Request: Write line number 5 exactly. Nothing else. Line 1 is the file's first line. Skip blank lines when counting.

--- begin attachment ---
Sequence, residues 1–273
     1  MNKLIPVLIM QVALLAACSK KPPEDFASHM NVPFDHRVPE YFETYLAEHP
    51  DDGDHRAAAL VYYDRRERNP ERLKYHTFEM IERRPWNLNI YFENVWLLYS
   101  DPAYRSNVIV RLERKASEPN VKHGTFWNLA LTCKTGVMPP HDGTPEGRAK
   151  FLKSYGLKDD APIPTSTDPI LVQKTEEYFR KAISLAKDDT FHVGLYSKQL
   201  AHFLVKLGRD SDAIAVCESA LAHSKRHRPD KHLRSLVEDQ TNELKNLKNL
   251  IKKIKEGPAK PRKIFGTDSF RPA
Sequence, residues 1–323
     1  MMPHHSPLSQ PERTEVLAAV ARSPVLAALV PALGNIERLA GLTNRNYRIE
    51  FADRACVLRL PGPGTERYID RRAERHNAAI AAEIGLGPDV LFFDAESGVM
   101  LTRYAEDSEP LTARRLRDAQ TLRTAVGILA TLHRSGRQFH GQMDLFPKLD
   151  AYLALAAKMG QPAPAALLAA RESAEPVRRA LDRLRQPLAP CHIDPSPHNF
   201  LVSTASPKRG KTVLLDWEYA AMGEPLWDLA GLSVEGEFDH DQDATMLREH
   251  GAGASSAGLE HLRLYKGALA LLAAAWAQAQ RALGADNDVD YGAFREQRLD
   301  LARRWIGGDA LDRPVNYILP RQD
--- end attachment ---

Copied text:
   151  FLKSYGLKDD APIPTSTDPI LVQKTEEYFR KAISLAKDDT FHVGLYSKQL